Venkat Rangan
     Rhapsody Networks Inc.
     3450 W. Warren Ave
     Fremont, CA 94538
     Phone: +1 510 743 3018
     Fax: +1 510 687 0136
     Email: venkat@rhapsodynetworks.com

     Donald R. Fraser
     Compaq Computer Corporation
     301 Rockrimmon Blvd
     Colorado Springs, CO 80919
     Phone: 719-548-3272
     Email: don.fraser@compaq.com


ANNEX A: Relationship between FCIP and IP over



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              FC (IPFC)

   IPFC (RFC 2625) describes the encapsulation of IP packets in FC
   frames. It is intended to facilitate IP communication over an FC
   network.

   FCIP describes the encapsulation of FC frames in TCP segments which
   in turn are encapsulated inside IP packets for transporting over an
   IP network.  It gives no consideration to the type of FC frame that
   is being encapsulated.  Therefore, the FC frame may actually contain
   an IP packet as described in the IP over FC specification (RFC 2625).
   In such a case, the data packet would have:

          Data Link Header
          IP Header
          TCP Header
          FCIP Header
          FC Header
          IP Header

   Note:   The two IP headers would not be identical to each other.  One
           would have information pertaining to the final destination
           while the other would have information pertaining to the FCIP
           device.

   The two documents focus on different objectives.  As mentioned above,
   implementation of FCIP will lead to IP encapsulation within IP. While
   perhaps inefficient, this should not lead to issues with IP
   communication.  One caveat: if a Fibre Channel device is
   encapsulating IP packets in an FC frame (e.g. an IPFC device), and
   that device is communicating with a device running IP over a non-FC
   medium, a second IPFC device will need to act as a gateway between
   the two networks. This scenario is not specifically addressed by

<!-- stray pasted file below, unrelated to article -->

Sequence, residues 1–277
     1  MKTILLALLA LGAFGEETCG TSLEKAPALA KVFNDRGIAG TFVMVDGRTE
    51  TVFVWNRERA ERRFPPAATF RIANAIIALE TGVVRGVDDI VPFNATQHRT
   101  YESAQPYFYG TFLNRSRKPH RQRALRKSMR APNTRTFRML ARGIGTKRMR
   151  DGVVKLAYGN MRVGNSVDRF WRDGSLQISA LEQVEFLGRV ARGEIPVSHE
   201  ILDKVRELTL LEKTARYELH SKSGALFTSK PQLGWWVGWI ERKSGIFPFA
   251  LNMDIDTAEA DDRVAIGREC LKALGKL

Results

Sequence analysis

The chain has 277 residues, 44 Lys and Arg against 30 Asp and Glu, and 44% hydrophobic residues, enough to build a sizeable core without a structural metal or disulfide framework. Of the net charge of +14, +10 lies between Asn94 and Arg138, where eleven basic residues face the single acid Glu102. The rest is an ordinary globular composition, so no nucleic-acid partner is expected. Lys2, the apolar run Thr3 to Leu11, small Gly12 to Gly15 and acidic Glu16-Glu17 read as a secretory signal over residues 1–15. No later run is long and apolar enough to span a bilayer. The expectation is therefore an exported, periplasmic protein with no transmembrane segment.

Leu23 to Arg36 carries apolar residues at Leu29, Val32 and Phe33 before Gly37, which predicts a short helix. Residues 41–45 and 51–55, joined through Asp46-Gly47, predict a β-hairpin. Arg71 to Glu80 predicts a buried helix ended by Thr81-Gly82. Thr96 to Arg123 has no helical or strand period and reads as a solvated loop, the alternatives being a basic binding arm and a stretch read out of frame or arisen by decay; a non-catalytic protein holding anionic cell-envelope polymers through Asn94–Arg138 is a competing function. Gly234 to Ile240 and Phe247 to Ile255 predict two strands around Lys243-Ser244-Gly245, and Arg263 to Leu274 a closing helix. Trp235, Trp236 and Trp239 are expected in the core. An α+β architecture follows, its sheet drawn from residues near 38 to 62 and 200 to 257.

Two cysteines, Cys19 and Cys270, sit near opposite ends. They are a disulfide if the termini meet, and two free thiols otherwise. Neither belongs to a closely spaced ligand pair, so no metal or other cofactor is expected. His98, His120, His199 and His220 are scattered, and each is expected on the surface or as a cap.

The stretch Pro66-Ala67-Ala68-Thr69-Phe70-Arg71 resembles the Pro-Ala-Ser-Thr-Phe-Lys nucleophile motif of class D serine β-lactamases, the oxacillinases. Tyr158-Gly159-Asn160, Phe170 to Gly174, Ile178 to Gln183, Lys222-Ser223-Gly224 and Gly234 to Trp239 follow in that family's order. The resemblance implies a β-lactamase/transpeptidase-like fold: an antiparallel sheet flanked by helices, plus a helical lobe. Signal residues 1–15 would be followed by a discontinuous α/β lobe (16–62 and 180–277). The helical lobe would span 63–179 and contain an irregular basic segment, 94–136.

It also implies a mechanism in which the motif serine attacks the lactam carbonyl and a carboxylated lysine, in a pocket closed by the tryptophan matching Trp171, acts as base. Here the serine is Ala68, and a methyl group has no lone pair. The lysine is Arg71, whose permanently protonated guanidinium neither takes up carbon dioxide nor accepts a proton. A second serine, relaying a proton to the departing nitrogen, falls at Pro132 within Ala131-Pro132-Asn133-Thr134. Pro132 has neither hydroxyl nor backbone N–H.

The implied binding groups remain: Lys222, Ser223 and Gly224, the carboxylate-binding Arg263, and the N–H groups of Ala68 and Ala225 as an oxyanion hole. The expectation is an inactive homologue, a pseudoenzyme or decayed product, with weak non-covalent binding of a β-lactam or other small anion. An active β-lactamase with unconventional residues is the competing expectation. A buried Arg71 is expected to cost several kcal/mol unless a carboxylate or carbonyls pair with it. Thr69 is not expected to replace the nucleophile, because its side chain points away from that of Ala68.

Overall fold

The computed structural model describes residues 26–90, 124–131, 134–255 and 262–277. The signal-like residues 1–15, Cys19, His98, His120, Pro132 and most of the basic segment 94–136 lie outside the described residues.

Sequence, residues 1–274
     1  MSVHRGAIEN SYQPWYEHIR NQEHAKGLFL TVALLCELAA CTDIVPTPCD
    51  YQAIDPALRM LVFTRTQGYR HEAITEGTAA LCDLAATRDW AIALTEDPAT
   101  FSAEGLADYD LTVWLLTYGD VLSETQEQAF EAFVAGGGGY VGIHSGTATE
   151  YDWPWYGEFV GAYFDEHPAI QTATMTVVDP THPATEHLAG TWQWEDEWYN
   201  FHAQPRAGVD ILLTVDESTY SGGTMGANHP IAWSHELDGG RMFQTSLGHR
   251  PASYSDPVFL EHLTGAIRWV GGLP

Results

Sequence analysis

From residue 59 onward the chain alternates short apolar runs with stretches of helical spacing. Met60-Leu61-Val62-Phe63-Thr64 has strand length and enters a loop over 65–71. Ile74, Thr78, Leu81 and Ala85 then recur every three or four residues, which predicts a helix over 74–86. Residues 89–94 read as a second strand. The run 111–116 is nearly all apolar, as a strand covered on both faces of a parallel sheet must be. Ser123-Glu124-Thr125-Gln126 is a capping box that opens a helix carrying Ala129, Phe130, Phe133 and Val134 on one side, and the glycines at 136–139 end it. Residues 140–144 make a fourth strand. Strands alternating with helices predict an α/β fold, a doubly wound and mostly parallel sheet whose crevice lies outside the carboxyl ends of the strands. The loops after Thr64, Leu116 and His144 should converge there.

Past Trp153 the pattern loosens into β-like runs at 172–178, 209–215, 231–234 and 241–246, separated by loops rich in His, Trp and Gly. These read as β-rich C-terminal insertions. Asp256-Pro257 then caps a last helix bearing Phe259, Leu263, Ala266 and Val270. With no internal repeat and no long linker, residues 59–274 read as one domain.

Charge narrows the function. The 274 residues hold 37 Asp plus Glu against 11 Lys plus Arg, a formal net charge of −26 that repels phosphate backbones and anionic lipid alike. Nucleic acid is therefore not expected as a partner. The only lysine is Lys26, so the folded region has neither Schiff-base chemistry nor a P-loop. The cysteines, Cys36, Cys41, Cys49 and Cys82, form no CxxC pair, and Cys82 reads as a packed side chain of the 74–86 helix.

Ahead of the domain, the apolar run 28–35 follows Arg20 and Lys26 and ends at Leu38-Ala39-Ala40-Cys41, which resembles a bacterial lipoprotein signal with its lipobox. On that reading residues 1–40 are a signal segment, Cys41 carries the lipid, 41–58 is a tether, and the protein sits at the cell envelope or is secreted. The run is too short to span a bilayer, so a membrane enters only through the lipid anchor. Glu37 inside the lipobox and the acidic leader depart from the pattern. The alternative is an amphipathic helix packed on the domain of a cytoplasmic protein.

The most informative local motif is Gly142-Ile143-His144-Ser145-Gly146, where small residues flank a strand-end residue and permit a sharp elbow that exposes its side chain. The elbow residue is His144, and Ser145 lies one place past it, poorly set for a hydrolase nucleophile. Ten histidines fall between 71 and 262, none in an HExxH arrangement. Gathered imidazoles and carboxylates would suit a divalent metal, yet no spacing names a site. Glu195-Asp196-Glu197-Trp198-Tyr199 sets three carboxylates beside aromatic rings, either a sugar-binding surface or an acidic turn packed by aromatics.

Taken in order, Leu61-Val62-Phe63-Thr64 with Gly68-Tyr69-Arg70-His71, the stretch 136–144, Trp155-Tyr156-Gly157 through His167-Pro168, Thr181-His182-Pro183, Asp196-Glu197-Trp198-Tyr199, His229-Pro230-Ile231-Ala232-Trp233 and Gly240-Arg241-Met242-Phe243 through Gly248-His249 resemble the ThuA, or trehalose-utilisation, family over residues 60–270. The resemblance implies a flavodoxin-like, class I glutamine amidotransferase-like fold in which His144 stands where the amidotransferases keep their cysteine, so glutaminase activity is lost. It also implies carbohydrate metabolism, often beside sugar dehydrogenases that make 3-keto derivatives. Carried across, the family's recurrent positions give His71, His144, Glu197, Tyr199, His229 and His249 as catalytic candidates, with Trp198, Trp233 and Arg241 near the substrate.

FCIP.

   There is nothing in either of the specifications to prevent a single
   device from implementing both FCIP and IP-over-FC (IPFC), but this is
   implementation specific, and is beyond the scope of this document.

Full Copyright Statement

Copyright (C) The Internet Society (1999).  All Rights Reserved.

This document and translations of it may be copied and furnished to
others, and derivative works that comment on or otherwise explain it or
assist in its implementation may be prepared, copied, published and
distributed, in whole or in part, without restriction of any kind,
provided that the above copyright notice and this paragraph are included



Rajagopal, et al.                                              [Page 25]


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on all such copies and derivative works.  However, this document itself
may not be modified in any way, such as by removing the copyright notice
or references to the Internet Society or other Internet organizations,
except as needed for the purpose of developing Internet standards in
which case the procedures for copyrights defined in the Internet
Standards process must be followed, or as required to translate it into
languages other than English.

The limited permissions granted above are perpetual and will not be
revoked by the Internet Society or its successors or assigns.

This document and the information contained herein is provided on an "AS
IS" basis and THE INTERNET SOCIETY AND THE INTERNET ENGINEERING TASK
FORCE DISCLAIM ALL WARRANTIES, EXPRESS OR IMPLIED, INCLUDING BUT NOT
LIMITED TO ANY WARRANTY THAT THE USE OF THE INFORMATION HEREIN WILL NOT
INFRINGE ANY RIGHTS OR ANY IMPLIED WARRANTIES OF MERCHANTABILITY OR
FITNESS FOR A PARTICULAR PURPOSE.

Acknowledgement

Funding for the RFC Editor function is currently provided by the
Internet Society.

[draft-ietf-ips-fcovertcpip-02.txt] [This INTERNET DRAFT expires in
October, 2001]